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Bulk Page Skin and Container Editor

DNN Enhancement with XMod Pro - Page Skins Manager

By: Ryan Moore On: 10/16/2011

Link to this Article

Continuing in the line of blog posts that help extend the ease of DNN management, today's post on DNN Enhancement is our Page Skins Manager.

As a development company with tons of DotNetNuke sites out there for our clients, we've found that we often will need to make site-wide edits and updates to the site as quickly and painlessly as possible. The larger the sites are (more pages), then the longer it takes to perform some tasks across-the-board. Here, I'm thinking of DNN skin-related changes, the kind you have to make when, for example, a client wants you to update the look & feel of the site skin for the "new 2012 web 2.0 look" that the designers have been working on.

If you have only a few page templates, perhaps a Home and Interior (and maybe an Admin skin), AND you've managed the skin through the Site Settings, then it's not really a problem for you to edit.

However, in sites with many pages and a variety of skin templates, then this DNN Page Skin manager can help tremendously! Think of it as a bulk manager that lets you quickly see what skins and containers are used across the whole portal and then make changes to many pages at a time.

Imagine that we have several skins such as Home, Interior Main, Interior Three Column, Interior Special, News, Admin, etc. The DNN Site Settings might have the defaults for the portal to use the Interior Main. However, in several pages sprinkled throughout the site, you'll have some set in the Page Settings, a specific skin set for that Tab. Well, now to setup the rest of the example, let's imagine that the client wants you to update the site with new skin designs, BUT, it's not a simple 1-to-1 change.

This has happened to us a few times in the past, and our solution at the time was to either hunt down each page manually by visiting every page of the site and check for/make changes, or to work in the database and sort by the SkinSrc field in the Tabs table and make the edits there. Earlier this year, we were in the same situation with a site that had about 250 pages. The specifics were that we could change the main pages, but then needed to have whole sections of pages change to different/new skins and go to the new "2011 design" while others had to stay with the old, etc. We had a mess of a good skin update project on our hands, and we thought, "Man, what a perfect use of XMod Pro to build a DNN custom Page Skin Manager!"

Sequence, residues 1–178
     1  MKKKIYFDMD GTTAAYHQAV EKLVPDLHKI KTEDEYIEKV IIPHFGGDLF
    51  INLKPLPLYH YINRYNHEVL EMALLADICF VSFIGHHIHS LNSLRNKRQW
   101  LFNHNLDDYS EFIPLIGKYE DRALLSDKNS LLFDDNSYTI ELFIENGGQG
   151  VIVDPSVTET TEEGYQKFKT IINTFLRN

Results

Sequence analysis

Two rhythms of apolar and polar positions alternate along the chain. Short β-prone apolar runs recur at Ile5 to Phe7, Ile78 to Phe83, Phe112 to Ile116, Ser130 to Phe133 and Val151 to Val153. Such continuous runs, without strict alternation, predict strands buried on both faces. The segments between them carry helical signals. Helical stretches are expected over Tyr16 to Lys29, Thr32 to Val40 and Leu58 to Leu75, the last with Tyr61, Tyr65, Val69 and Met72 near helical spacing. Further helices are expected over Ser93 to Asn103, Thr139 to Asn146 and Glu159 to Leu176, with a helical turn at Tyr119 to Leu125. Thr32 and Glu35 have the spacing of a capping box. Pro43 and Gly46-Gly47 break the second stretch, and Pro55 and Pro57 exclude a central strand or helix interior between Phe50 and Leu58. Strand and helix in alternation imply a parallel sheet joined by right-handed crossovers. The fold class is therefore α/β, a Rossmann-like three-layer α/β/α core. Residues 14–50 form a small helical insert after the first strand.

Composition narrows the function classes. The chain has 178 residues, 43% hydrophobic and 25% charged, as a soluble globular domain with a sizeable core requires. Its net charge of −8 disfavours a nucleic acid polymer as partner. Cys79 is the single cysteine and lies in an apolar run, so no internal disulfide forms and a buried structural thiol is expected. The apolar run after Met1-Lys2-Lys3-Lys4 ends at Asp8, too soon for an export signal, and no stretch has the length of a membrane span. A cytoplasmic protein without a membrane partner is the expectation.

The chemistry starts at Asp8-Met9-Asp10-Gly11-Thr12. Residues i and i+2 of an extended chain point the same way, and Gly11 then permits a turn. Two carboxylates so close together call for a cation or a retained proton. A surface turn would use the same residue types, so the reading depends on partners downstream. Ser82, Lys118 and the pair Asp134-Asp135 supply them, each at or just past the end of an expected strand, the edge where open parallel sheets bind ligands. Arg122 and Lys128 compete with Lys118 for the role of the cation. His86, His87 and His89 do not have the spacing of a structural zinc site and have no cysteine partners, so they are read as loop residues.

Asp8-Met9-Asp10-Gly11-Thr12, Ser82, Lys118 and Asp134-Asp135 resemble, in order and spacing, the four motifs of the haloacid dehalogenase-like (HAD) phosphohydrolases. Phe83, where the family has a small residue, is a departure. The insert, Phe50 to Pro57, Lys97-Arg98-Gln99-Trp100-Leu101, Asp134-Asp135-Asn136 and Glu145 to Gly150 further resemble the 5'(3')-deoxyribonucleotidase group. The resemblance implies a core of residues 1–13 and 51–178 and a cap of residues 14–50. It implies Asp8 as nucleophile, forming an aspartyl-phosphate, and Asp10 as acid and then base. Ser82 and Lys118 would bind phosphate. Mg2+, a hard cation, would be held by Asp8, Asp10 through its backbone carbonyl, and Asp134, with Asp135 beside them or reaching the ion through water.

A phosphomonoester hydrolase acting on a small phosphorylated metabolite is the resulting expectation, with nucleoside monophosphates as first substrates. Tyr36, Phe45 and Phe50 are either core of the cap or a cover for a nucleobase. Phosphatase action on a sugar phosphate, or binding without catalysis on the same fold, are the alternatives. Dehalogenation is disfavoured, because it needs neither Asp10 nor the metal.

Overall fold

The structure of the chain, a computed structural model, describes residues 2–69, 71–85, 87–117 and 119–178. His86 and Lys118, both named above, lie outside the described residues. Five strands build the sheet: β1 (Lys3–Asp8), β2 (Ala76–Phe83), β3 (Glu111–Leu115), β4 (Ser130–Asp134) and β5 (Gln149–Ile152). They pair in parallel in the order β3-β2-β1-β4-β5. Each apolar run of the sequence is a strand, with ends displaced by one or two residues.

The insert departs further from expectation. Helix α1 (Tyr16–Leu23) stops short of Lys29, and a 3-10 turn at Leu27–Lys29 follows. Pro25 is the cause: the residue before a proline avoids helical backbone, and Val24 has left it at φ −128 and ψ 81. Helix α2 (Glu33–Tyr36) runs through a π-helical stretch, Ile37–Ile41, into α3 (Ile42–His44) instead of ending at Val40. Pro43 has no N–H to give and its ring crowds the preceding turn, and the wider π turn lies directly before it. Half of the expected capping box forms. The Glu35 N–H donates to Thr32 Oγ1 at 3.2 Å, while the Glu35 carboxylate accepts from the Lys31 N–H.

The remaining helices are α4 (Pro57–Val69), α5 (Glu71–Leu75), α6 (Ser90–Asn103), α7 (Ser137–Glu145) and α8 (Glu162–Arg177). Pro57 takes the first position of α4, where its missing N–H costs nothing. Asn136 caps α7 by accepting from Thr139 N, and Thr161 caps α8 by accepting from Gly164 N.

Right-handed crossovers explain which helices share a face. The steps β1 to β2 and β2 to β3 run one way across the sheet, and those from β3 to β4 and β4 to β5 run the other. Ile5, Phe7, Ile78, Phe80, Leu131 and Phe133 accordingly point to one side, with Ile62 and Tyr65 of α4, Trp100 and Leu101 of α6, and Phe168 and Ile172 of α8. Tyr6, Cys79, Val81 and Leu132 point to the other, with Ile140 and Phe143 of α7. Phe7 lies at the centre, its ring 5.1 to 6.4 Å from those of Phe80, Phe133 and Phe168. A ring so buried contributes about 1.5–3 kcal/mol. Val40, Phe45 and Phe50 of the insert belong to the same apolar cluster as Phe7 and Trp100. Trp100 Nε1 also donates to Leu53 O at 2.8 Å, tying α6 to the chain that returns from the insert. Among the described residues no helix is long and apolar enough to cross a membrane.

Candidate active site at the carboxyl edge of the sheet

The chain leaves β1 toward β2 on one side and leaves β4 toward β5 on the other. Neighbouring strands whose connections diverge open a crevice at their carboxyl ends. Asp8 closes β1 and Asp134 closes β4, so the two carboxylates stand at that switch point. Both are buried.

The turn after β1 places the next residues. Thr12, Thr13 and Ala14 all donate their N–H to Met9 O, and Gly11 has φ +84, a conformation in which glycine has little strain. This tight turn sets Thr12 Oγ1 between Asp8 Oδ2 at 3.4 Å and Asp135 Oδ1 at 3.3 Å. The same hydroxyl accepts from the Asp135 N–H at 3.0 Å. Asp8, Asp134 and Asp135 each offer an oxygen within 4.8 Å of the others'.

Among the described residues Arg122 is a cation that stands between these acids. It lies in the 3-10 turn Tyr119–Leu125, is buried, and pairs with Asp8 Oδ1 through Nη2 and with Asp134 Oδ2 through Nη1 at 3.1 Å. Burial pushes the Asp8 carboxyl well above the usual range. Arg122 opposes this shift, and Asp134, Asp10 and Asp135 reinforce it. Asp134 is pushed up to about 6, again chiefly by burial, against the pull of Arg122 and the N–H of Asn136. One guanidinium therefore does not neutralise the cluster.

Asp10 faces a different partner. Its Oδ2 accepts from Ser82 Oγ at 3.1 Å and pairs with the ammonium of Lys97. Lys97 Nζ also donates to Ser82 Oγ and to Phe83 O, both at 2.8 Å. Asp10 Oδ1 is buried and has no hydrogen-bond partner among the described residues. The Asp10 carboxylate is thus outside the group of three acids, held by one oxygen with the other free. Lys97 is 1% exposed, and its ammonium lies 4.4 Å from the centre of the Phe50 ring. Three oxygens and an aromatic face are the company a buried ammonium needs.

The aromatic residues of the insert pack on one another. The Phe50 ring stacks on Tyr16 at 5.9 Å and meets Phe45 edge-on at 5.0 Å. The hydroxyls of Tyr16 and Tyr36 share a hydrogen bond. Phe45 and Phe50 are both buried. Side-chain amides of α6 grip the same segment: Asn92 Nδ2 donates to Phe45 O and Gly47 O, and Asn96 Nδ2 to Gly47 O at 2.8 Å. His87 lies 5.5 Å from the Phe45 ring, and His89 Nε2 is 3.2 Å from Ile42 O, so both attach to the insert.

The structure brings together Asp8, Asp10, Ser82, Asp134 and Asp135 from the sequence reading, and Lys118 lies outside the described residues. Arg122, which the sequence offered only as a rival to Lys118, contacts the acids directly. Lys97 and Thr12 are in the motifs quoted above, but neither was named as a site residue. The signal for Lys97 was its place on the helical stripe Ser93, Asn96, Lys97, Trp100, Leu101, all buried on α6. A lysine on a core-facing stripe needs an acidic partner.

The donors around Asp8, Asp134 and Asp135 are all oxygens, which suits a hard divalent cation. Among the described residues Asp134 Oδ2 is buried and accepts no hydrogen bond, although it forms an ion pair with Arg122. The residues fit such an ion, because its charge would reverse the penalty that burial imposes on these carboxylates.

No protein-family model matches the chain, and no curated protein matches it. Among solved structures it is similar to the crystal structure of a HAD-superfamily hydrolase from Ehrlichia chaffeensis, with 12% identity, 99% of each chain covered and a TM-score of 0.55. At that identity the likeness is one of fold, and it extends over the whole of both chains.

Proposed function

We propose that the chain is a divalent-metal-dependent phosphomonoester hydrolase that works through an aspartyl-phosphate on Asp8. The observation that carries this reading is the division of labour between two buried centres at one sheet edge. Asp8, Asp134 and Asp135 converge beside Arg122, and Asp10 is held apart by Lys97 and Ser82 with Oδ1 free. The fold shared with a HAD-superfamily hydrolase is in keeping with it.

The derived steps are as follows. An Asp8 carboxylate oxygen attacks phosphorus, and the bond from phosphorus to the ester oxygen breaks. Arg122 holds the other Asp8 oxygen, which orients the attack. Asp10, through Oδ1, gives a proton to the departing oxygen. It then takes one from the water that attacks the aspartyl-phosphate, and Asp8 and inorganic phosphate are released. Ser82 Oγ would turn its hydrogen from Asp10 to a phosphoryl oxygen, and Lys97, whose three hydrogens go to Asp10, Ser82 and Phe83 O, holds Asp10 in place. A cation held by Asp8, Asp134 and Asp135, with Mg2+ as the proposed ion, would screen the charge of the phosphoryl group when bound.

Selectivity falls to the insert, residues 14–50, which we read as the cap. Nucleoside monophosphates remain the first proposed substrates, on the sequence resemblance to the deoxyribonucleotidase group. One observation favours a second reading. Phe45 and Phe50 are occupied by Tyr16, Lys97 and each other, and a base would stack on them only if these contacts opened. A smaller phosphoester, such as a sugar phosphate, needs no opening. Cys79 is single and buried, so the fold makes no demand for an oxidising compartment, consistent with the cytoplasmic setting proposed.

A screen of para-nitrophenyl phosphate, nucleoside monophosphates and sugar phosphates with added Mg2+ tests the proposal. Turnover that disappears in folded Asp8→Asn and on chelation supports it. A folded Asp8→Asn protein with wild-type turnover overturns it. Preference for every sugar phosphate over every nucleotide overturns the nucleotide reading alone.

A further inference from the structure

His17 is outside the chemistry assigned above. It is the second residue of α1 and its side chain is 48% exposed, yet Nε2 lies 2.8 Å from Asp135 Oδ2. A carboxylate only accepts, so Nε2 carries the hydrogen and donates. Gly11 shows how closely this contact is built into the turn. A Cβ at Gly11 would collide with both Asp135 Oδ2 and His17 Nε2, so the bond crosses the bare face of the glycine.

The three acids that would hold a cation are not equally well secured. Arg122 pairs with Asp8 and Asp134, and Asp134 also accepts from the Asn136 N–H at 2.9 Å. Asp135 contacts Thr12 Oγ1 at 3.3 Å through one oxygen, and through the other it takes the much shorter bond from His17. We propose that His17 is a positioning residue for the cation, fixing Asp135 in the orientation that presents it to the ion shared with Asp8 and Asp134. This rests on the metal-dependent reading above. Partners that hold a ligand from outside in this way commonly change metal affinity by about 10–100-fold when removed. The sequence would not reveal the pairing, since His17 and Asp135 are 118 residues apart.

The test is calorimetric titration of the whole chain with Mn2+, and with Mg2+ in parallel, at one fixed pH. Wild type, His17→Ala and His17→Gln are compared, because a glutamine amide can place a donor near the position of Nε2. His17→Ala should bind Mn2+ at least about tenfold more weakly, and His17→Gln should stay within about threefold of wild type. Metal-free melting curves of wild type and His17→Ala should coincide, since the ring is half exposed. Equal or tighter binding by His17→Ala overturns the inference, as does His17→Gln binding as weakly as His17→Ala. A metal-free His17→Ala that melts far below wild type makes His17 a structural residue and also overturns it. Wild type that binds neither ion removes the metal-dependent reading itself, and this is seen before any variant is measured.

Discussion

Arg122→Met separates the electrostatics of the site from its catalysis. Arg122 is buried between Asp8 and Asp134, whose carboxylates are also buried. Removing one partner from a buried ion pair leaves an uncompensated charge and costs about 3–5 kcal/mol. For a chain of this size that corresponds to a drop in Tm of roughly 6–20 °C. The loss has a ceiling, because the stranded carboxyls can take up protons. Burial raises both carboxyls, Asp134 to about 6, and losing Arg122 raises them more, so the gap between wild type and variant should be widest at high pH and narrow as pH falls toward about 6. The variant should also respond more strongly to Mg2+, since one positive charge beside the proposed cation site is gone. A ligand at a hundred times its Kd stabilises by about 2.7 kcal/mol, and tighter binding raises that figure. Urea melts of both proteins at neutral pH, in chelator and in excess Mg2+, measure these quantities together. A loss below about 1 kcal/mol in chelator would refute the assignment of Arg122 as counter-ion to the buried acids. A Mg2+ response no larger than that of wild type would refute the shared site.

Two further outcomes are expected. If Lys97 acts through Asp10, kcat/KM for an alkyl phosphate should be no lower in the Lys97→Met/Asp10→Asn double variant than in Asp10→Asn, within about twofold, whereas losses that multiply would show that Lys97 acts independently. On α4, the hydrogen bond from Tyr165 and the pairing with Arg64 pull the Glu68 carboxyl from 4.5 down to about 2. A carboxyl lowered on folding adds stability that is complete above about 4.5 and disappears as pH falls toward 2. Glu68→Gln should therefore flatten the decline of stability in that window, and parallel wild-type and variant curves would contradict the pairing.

There are lots of ways that this manager can help save time.


  • This manager lets you see all the pages and their skins that are set at a glance.
  • Then you can edit that one page manually in the normal page's page settings.
  • You can bulk edit all the pages that have that same skin setting and change them all to a different skin.
  • You can clear out all the pages with that skin to go back to the "none specified" setting in a batch.
  • Also, it's useful if you've been messy in the past with whether a skin was uploaded and used as a PORTAL skin or a HOST skin... and then you edit one or the other and get out of sync... this manager lets you see them all at a glance, and then you can easily take all of one and change them to the other.

Download the Code - MooreCreative_XMP_PageSkinContainer_Manager.zip

I've posted a zip file with the contents of this blog post...so that you can quickly get the code and try it out. Each form or template is in a txt file and ready to use following the notes and instructions below.

First - Make 3 Pages & Add XMod Pro Modules

Begin by making a new page called "Page Skins" and if you like, put it under the parent of Admin and order it after the core Pages tab. Next add the main XMod Pro module to the page and we'll get into the Template and Form setup.

Also, you'll need to make child pages for this new PageSkins page, for "Page Containers" and "Module Containers" put in the XMod Pro FormView module, on both of these.

XMod Page One: PageSkins.aspx - XMod Template "_dnn_PageSkin_List"

The first goal was to make a management list page that would display all of the Tabs in the site, and show us the skins and containers that might be specified for the Tabs.

Whenever we're making forms or templates that are for internal use or are system type things, we'll name them with a leading underscore to help make sure that the name goes to the end of the list of XMOD forms and templates. That helps group the system and bottom items when you get into 20 and 40 templates in a complex site.

For the Template that we've named "_dnn_PageSkin_List", we have a basic table structure that presents each page/Tab in a row, with column breakdown of Tab Name, and then Skin and Container settings.

SQL - We have two versions of the SQL Query for the main Template... the one I’ve presented here is a simple query that you can insert in the ListDataSource select statement. The other version that we use, on occasion, is one in a Stored Procedure. It has a little bit more logic to it and will order the pages a bit differently and suppress the Admin menu from the list returned. If anyone is interested in that version, LMK and I’ll post it too. For now, this query gets the job done.

Some of the things you'll see used in the Template:

xmod:ScriptBlock: We have a general set of css styles that we use in our generic table listings. the set specify things like alternating colors, error highlight colors, etc. We keep some of them, especially in managers like this, in the XMod code rather than in the skin css as it helps us keep them portable!

ItemTemplate / AlternatingItemTemplate: These have the same code in them, just with a different class to setup our alternating row styles. I know we can do styles for alternating rows other ways, but this works well, cross browser, and is easy to follow.

xmod:Select: SkinSrcFlag | ContainerSrcFlag - we use XMod case statements to allow us to display/highlight items differently based on whether the content is present or blank/null. It lets us quickly set a different style, and a message such as "- None Specified -".